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a group of natural and semisynthetic antibiotics with similar chemical structures and biological properties. Natural cephalosporins—cephalosporin C and cephalosporin N (penicillin N)—were isolated in 1945 by the Italian microbiologist G. Brotzu from a mold of the genus Cephalosporium. The molecules of all the cephalosporins except cephalosporin N contain 7-aminocephalosporanic acid, which consists of β-lactam (A) and dihydrothiazine (B) rings:

The structure of 7-aminocephalosporanic acid is similar to that of the penicillin nucleus, 6-aminopenicillanic acid, which also contains a β-lactam ring. Since two side chains can be substituted in 7-aminocephalosporanic acid but only one in 6-aminopenicillanic acid, many more semisynthetic derivatives can be obtained from 7-aminocephalosporanic acid.

The cephalosporins are broad-spectrum antimicrobials, proving effective against staphylococci, streptococci, pneumococci, gonococci, meningococci, clostridia, the influenza bacillus (Haemophilus influenzae), Klebsiella, the colon bacillus, and a number of other microorganisms. The antimicrobial action of the cephalosporins is due, as in the case of the penicillins, to their ability to block the formation of the microbial cell wall. Unlike the penicillins, the cephalosporins rarely provoke an allergic reaction, and they are resistant to bacterial enzymes (β-lactamases), which destroy antibiotics.

Physicians generally prescribe semisynthetic cephalosporins, since they are more active than the natural ones. Among the semisynthetic ones are cephaloridine (Ceporin), cephalothin, cefazolin, cephalexin, cephradine, and cephaloglycin, all of which are used in the treatment of infectious diseases caused by microorganisms sensitive to these antibiotics. Since their spectrum of action is very broad, their use is especially indicated in infections of unknown etiology, in mixed infections, and in cases when the causative agent is highly resistant to penicillin or the patient is highly sensitive to penicillin.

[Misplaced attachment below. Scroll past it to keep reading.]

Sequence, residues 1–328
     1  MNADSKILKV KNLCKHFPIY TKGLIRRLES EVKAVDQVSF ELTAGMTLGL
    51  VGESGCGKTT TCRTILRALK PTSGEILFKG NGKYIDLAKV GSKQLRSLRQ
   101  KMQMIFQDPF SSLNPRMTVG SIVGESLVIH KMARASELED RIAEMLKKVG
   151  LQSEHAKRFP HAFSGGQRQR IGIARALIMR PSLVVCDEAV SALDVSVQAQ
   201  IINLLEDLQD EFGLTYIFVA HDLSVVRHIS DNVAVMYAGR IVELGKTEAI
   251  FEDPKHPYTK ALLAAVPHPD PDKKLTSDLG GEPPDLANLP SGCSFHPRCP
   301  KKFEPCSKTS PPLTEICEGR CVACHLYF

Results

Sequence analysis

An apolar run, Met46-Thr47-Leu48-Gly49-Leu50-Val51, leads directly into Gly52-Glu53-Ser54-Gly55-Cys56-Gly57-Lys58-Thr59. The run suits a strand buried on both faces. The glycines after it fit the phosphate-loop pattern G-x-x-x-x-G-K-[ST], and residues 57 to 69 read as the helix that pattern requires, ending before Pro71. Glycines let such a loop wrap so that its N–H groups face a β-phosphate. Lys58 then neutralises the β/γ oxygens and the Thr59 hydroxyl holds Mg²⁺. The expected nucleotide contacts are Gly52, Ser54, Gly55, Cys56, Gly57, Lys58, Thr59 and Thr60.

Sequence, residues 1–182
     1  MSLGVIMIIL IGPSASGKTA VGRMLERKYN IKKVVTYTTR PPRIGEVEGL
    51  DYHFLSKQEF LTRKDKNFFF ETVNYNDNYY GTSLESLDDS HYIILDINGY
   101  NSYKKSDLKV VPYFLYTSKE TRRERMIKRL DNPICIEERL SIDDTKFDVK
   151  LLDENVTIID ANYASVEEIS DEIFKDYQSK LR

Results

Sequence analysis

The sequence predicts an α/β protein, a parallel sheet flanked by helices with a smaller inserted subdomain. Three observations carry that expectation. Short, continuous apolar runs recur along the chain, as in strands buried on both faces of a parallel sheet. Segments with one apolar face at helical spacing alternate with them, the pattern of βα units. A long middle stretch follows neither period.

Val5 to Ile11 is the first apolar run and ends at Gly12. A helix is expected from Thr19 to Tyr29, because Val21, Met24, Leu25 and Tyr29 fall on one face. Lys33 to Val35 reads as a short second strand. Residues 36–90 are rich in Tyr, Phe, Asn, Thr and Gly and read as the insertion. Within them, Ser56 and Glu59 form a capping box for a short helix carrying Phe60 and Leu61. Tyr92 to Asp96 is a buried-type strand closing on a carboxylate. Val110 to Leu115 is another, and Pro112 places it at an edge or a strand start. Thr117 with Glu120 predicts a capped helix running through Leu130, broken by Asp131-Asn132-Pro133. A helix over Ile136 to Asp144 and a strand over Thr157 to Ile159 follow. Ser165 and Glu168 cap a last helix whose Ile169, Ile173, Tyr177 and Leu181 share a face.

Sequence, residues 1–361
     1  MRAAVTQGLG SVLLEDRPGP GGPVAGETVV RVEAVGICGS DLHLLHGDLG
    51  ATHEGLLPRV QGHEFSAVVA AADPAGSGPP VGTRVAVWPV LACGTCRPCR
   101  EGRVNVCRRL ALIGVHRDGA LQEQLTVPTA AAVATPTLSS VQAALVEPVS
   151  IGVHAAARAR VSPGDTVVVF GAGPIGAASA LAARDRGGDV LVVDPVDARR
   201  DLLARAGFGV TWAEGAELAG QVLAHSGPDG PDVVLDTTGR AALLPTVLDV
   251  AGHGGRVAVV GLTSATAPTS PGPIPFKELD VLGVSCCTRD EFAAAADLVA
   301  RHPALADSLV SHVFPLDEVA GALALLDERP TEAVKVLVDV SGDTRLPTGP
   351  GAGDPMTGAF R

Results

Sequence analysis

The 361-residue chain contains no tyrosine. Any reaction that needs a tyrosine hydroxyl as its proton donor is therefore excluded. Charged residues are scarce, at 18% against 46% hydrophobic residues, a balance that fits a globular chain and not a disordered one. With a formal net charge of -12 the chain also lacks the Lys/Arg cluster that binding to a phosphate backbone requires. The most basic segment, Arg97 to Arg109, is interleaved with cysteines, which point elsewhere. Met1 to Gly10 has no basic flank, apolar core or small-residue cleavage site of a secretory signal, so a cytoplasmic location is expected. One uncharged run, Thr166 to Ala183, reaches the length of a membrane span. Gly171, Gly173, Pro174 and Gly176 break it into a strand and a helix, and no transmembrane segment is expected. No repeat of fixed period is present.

Klimov, A. N. Penitsilliny i tsefalosporiny. Leningrad, 1973.
Milevskaia, Iu. L. “Tsefalosporiny (ikh svoistva i preimushchestva): Obzor literatury.” Meditsinskii referativnyi zhurnal, 1975, no. 4, pp. 82–86.


References in periodicals archive ?
Following an assessment by the European Food Safety Agency, the British poultry industry voluntarily stopped using cephalosporins as of December 2011, the BPC added.
if 56% of G3CREC were derived from poultry), 1,518 additional deaths and an associated increase of 67,236 days of hospital admissions would be counted as a result of cephalosporin and other antimicrobial drug use in poultry.
10); yet prescriptions for quinolones grew by 10% and prescriptions for cephalosporins grew by 3% (P less than .
The Centers for Disease Control and Prevention has not seen any case of cephalosporin treatment failures in the United States yet.
Food and Drug Administration (FDA) on certain uses of cephalosporin antibiotics in food animals1 has not won the agency much favor.
Our findings for outpatients show that strict antimicrobial agent usage policy, especially restricting extended-spectrum cephalosporins, could help to control the high carriage rates for these organisms.
We'll be producing active pharmaceutical ingredients required for Cephalosporin antibiotics with a capacity of around 50 tonnes per month," said Ali Moosa Al Balushi, managing director (MD) of DMC.
APHA supports a ban on cephalosporins for use in animals.
In the second phase facilities for Cephalosporin Injectibles, Dry syrups and other formulation will be created.
Experts from the European Medicines Agency (EMEA) have run consultations on the veterinary use of fluoroquinolones and modern cephalosporins.
Poor outcome occurs when patients with serious infections due to ESBL producing organisms are treated with cephalosporins even when the cephalosporin MICs are in the intermediate or susceptible range (6).